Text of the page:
The following Waite-affiliated researchers will share in funding announced this week under the Australian Research Council’s (ARC) National Competitive Grants Program. Congratulations to all involved!
Professor Andrea Yool (Medical Sciences, University of Adelaide); Dr Sunita Ramesh (pictured, University of Adelaide & ARC CoE in Plant Energy Biology)
$423,000 over three years
This project aims to investigate cell migration mechanisms and the roles of aquaporin channels in controlling cell motility and morphology. The ability of cells to move and maintain proper shape is important for development, repair and survival in multicellular organisms. This project will test the role of mammalian aquaporin-1 channels in enabling rapid migration in normal and cancer cells, in repairing barrier layers in kidney and brain, and in allowing red blood cells to maintain the classic disk-shape needed for optimal transport. Outcomes will define features of aquaporin-1 that provide these functions, using molecular, optical and pharmacological tools. Results will define aquaporin channel properties that enable optimal cellular function.
Dr Iain Searle (Australia-China Joint Research Centre of Grains for Health, University of Adelaide); Associate Professor David Studholme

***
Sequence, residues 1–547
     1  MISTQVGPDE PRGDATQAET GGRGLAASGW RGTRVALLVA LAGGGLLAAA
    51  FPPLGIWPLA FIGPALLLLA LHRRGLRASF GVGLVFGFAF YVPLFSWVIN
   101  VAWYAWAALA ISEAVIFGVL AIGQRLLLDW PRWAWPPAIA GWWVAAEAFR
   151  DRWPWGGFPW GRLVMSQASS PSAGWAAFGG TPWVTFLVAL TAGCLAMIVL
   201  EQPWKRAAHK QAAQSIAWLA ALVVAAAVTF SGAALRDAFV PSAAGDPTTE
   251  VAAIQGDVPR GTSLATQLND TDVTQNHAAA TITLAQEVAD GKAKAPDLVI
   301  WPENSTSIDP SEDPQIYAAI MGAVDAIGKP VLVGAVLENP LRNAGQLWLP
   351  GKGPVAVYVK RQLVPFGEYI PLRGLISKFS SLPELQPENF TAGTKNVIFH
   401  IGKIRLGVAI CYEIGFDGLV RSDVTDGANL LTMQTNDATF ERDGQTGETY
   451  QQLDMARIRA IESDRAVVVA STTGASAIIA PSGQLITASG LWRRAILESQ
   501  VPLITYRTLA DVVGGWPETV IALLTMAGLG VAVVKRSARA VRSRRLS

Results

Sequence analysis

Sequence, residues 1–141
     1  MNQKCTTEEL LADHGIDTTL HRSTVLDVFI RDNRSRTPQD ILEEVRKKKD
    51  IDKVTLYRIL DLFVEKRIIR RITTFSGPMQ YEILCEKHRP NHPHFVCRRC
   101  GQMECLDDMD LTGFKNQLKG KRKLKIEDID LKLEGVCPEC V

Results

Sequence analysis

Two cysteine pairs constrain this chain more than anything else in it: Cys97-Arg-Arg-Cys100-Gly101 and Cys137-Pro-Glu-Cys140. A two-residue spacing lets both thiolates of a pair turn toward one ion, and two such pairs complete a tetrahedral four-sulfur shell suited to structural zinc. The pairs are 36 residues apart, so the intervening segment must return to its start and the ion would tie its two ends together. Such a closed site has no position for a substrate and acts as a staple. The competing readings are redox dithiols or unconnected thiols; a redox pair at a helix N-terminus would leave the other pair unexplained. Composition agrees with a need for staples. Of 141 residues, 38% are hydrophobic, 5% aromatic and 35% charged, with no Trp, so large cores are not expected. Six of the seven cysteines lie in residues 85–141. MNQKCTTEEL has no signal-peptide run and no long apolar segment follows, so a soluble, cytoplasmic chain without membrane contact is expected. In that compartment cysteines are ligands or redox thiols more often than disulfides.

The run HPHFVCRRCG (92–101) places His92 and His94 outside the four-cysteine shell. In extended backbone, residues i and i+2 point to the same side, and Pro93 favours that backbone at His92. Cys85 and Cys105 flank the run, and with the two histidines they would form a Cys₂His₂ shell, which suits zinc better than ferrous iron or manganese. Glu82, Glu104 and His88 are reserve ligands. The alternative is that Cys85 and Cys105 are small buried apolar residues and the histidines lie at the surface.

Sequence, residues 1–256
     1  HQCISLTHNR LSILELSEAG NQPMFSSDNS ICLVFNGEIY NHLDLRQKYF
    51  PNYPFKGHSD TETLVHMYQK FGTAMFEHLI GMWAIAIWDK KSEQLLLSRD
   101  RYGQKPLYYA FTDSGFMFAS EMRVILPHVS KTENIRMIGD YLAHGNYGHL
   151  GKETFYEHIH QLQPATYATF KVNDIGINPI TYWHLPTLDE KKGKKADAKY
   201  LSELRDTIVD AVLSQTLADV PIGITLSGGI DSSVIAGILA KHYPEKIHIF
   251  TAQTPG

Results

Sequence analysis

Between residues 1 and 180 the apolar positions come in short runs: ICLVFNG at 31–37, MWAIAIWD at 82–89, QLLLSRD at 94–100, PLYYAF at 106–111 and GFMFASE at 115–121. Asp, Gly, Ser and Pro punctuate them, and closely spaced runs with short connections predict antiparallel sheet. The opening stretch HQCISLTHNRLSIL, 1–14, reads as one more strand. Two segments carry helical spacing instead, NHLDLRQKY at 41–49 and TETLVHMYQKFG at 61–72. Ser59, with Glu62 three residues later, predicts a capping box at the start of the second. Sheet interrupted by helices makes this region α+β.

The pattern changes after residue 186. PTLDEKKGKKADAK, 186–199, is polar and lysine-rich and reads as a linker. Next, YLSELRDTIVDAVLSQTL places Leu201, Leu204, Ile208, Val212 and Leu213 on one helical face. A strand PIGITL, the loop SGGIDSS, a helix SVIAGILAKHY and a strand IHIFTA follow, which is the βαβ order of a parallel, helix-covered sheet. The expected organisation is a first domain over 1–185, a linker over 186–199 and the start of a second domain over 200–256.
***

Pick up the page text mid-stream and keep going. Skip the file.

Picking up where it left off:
$384,000 over three years
This project aims to investigate how developing central cell epitranscriptomes are linked to seed growth, how the cell regulates the unique epigenetic states, and the role of the system in driving phenotypic diversity. Maternal and paternal effects determine growth and development of multicellular angiosperm plants. Previous work has discovered unique ribonucleic acid (RNA) epitranscriptome states dependent on the parent-of-origin in developing central cell that gives rise to the endosperm tissue of the seed that impacts on growth of the seed. This project expects to provide economic benefits by increasing yield of agricultural crops during increasingly challenging conditions.
Associate Professor Feike Dijkstra; Dr Claudia Keitel (University of Sydney); Associate Professor Timothy Cavagnaro (University of Adelaide)
$450,000 over three years
This project aims to investigate how much carbon plants need to invest below ground in return for water and nutrients. By using economic principles of supply and demand the project will quantify carbon expenditure for water and nutrients in grasslands and crops under different climate and land management scenarios. This project will use triple and quadruple isotope labelling techniques and explore the dependency of carbon investment on plant-microbial interactions and availability of below ground resources. Expected outcomes include new knowledge to build a universal framework about plant carbon-water-nutrient economics. This will benefit global carbon cycling models and efforts to increase nutrient and water use efficiencies in agricultural crops.